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Efficient computation of gapped substring kernels on large alphabets
 Journal of Machine Leaning Research
, 2005
"... We present a sparse dynamic programming algorithm that, given two strings s and t, a gap penalty λ, and an integer p, computes the value of the gapweighted lengthp subsequences kernel. The algorithm works in time O(pMlogt), where M = {(i, j)si = t j} is the set of matches of characters in the ..."
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We present a sparse dynamic programming algorithm that, given two strings s and t, a gap penalty λ, and an integer p, computes the value of the gapweighted lengthp subsequences kernel. The algorithm works in time O(pMlogt), where M = {(i, j)si = t j} is the set of matches of characters in the two sequences. The algorithm is easily adapted to handle bounded length subsequences and different gappenalty schemes, including penalizing by the total length of gaps and the number of gaps as well as incorporating characterspecific match/gap penalties. The new algorithm is empirically evaluated against a full dynamic programming approach and a triebased algorithm both on synthetic and newswire article data. Based on the experiments, the full dynamic programming approach is the fastest on short strings, and on long strings if the alphabet is small. On large alphabets, the new sparse dynamic programming algorithm is the most efficient. On mediumsized alphabets the triebased approach is best if the maximum number of allowed gaps is strongly restricted.
Computing rank convolutions with a mask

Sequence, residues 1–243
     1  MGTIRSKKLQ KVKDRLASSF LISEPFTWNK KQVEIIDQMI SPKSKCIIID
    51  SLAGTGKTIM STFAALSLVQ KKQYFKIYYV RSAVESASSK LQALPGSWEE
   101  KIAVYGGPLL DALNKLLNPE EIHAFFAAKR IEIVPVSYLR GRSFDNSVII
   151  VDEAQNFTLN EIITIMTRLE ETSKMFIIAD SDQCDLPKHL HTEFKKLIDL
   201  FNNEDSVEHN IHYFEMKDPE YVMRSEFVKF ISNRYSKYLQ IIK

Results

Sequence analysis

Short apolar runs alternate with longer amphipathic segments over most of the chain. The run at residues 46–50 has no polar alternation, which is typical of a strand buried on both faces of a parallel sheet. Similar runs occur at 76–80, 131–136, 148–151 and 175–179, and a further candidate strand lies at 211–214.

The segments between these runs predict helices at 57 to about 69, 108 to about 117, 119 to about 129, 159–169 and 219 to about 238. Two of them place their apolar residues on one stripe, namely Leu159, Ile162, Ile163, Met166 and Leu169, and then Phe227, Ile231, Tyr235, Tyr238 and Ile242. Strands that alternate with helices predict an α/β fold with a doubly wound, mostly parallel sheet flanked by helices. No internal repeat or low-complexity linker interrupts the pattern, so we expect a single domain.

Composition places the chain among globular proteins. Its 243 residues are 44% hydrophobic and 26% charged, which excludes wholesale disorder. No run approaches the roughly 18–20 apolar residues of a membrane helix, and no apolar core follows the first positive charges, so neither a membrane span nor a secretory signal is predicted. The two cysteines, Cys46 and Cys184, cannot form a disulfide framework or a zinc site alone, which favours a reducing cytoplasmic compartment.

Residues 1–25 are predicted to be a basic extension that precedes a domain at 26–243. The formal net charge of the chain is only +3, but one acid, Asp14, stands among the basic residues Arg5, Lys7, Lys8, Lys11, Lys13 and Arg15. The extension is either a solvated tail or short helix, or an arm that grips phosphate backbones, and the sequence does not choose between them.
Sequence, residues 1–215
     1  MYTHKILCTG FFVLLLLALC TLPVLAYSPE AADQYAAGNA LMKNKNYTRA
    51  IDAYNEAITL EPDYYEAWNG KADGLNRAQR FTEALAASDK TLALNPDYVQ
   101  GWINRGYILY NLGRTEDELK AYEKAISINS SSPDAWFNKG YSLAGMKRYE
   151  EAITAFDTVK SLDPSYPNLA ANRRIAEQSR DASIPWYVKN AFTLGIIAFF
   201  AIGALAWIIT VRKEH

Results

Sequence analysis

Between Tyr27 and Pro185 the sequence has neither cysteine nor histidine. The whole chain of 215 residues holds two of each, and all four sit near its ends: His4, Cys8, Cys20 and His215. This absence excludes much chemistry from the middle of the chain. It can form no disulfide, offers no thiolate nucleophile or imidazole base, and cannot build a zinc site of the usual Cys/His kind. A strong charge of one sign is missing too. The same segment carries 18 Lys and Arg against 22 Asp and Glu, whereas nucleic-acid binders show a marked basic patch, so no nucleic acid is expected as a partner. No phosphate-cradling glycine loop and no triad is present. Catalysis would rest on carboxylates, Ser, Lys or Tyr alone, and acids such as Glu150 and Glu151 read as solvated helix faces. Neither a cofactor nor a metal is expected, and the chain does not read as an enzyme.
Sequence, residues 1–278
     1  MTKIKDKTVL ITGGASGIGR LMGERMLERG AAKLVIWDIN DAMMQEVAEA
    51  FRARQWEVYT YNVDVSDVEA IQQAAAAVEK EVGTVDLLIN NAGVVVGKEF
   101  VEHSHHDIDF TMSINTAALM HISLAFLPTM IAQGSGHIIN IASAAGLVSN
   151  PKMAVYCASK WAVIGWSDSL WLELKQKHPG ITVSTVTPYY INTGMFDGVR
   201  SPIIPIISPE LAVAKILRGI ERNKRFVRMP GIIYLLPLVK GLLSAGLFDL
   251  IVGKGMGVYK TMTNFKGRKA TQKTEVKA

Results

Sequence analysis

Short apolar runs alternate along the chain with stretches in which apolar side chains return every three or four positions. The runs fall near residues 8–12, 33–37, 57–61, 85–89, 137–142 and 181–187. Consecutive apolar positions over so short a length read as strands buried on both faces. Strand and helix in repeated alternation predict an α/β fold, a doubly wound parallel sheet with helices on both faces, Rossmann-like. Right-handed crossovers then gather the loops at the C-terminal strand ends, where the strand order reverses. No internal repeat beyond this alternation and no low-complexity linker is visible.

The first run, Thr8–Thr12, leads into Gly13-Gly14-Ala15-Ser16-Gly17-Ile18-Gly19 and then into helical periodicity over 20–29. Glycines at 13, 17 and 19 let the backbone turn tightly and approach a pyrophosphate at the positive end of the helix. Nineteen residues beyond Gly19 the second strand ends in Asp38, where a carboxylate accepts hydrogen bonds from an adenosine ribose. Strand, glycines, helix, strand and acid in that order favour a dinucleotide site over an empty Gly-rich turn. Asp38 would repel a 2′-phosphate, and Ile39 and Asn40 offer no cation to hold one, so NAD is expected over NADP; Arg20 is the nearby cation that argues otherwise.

, 2006
"... Rankconvolutions have important applications in a variety of areas such as signal processing and computer vision. We define a “mask ” as a function taking only values zero and infinity. Rankconvolutions with masks are of special interest to image processing. We show how to compute the rankk convo ..."
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Rankconvolutions have important applications in a variety of areas such as signal processing and computer vision. We define a “mask ” as a function taking only values zero and infinity. Rankconvolutions with masks are of special interest to image processing. We show how to compute the rankk convolution of a function over an interval of length n with an arbitrary mask of length m in O(n √ m log m) time. The result generalizes to the ddimensional case. Previously no algorithm performing significantly better than the brute force O(nm) bound was known. Our algorithm seems to perform well in practice. We describe an implementation, illustrating its application to a problem in image processing. Already on relatively small images, our experiments show a signficant speedup compared to brute force.
The minconvolution of f and g is the function h = f \Omega ming: [2n1]d!R defined by
"... Abstract Minconvolution and more generally, rankconvolutions play an important role in many application areas, including nonlinear signal processing, pattern recognition, computer vision, and combinatorial optimization. In computer vision they have been used for object recognition, depth estimat ..."
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Abstract Minconvolution and more generally, rankconvolutions play an important role in many application areas, including nonlinear signal processing, pattern recognition, computer vision, and combinatorial optimization. In computer vision they have been used for object recognition, depth estimation, and image restoration. Rankconvolutionssuch as the medianconvolution have the advantage of being more robust against noise.We define a &quot;mask &quot; as a function taking only values zero and infinity. Rankconvolutions with masks are of special interest; they correspond to a type of orderstatistic filtering used in image processing. We show how to compute a rankconvolution of any function with amask in O(n3/2(log n)1/2). No improvement better than a logarithmicfactor over the O(n2) brute force bound appears to have been previously known even for the special case of minconvolutions. Our result